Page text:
The number of bytes in the packet is always the same, so this byte array can be defined global.

Write the packet with SerialPort.Write.

The Cobra then performs the Duration / TicksPerSecond calculation after receiving a valid packet.

Voila, no more garbage to collect :slight_smile:


#10

Btw I see you’re trying to measure water, gas and electricity flow, am I correct?

If so, what kind of measurement devices are you using?


#11

Wouter,

For Electricity I bought a DIN Rail modular kwh meter with S0 output (30 euro), for gas and water I use a hall-effect sensor (2 euro). I’ll try to make some pics later today.


#12

Hi there,

[quote]GC is only an issue if it impacts your application’s performance and/or you are getting close to full memory utilization.

What is your issue?

[/quote]
I have almost an identical problem: I also noticed that the application hang after a while when I imposed a lot of interrupts by scratching with a wire to the ground on the interrupt-pins…
Removing the Debug-statement solves part of the problem I think, but how can I resolve or better prevent a suspended proces? Or is CF not robust enough to handle an overload of interrupts?

Freeck


#13

Like everything else, there is limitation of netmf. You can solve the interrupt problem by adding a capacitor on the pin to lower the possible frequency.


#14

But therefor I also used the glitch-filter, and still the system hangs…
It seems to be an hardware-issue on board the chip? Or is it an error in the driver i.e. not capable to handle an overload of interrupts!?


#15

I think this is a typical thing on any system where if you give it too many interrupts, the system will hang.

IS this something that is expected in your application? If so then you should take care of this in hardware not software. A little capacitor will cover it.


#16

But I stated that I already use the debounch-function of CF with a timespan of 200 ms, so you may expect no more than 5 ints/ps! So why should I add a capacitor? If that cap is mandatory then Iám afraid that the logic of the processor’s interrupt-register or the driver is not designed properly.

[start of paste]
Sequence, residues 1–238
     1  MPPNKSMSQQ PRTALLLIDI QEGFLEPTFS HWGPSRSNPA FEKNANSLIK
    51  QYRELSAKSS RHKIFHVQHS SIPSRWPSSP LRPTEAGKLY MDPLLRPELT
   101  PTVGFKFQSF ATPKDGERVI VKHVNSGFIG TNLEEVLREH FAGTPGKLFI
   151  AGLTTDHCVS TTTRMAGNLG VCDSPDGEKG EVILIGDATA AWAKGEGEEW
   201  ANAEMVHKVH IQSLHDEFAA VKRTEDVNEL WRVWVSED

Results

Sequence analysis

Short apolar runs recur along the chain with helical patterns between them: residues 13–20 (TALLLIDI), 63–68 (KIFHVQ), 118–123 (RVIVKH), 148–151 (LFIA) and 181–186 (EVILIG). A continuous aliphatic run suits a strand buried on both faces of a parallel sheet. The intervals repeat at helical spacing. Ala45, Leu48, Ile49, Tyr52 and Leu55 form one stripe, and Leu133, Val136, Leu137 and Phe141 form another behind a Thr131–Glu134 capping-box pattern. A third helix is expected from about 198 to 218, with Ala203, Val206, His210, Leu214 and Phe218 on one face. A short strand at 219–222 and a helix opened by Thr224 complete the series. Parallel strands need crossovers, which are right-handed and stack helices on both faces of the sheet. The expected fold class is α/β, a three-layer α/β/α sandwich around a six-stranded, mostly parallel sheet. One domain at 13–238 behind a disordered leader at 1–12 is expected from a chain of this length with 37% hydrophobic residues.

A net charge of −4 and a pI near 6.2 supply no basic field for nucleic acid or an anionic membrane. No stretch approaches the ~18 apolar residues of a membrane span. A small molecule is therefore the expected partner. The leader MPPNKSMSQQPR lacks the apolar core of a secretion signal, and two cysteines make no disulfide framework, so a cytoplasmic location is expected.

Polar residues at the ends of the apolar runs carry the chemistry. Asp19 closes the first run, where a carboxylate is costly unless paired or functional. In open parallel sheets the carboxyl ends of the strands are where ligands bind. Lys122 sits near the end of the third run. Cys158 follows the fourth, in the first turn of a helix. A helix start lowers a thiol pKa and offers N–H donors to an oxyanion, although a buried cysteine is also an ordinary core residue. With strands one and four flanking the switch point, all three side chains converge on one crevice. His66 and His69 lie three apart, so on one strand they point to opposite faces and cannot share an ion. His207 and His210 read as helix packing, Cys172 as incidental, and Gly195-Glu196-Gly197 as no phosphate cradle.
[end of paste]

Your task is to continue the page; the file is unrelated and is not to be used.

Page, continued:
I have to give additional information: the main application executes normally, but no interrupts are handled anymore. The interruptline or handler seems to be dead…
The declaration part of the code looks like this:

            InterruptPort keyInt1 = new InterruptPort((Cpu.Pin)FEZ_Pin.Interrupt.IO16, true, Port.ResistorMode.PullUp, Port.InterruptMode.InterruptEdgeLow);
            InterruptPort keyInt2 = new InterruptPort((Cpu.Pin)FEZ_Pin.Interrupt.IO14, true, Port.ResistorMode.PullUp, Port.InterruptMode.InterruptEdgeLow);
            InterruptPort keyInt3 = new InterruptPort((Cpu.Pin)FEZ_Pin.Interrupt.IO39, true, Port.ResistorMode.PullUp, Port.InterruptMode.InterruptEdgeLow);
            InterruptPort keyInt4 = new InterruptPort((Cpu.Pin)FEZ_Pin.Interrupt.IO38, true, Port.ResistorMode.PullUp, Port.InterruptMode.InterruptEdgeLow);
            TimeSpan ts = new TimeSpan(0, 0, 0, 0, 200);
            Microsoft.SPOT.Hardware.Cpu.GlitchFilterTime = ts;
            keyInt1.OnInterrupt += new NativeEventHandler(key1_OnInterrupt);
            keyInt2.OnInterrupt += new NativeEventHandler(key2_OnInterrupt);
            keyInt3.OnInterrupt += new NativeEventHandler(SpeedUp);
            keyInt4.OnInterrupt += new NativeEventHandler(SpeedDown);

The interrupt handler:

        static void SpeedUp(uint data1, uint data2, DateTime time)
        {
            UpCount++;
            Speed += 5;
            if (Speed > SpeedMax) Speed = SpeedMax;
            //            Debug.Print("LEFT");
        }
 

It seems that the debounchfunction does not work; I recieve more spurious interrupts as expected before the interruptproces hangs.


#17

the glitch-filter doesn’t work the way you think it works - I don’t know the details, but it’s software based. And there’s no way that a 200ms glitch filter in software is a good idea. Fix it in hardware.

Plus, there are glitch filter and edge trigger combinations that don’t work. I’d ordinarily suggest you use Search to find that but that may not be effective just at the moment…


#18

The glitch filter is supposed to help with conditions similar to switch debounce. The input port state is monitored over successive interrupts to assert if a pull down or pull up had actually occurred.

The glitch filter can be configured to the spec. of a particular kind of push button or actuator that you are using.

Debounce will interrupt the micro multiple times; the glitch filter averages the interrupts in relation to time to infer an actual key press.

The glitch filter may not stop those interrupts from occurring and overloading the micro.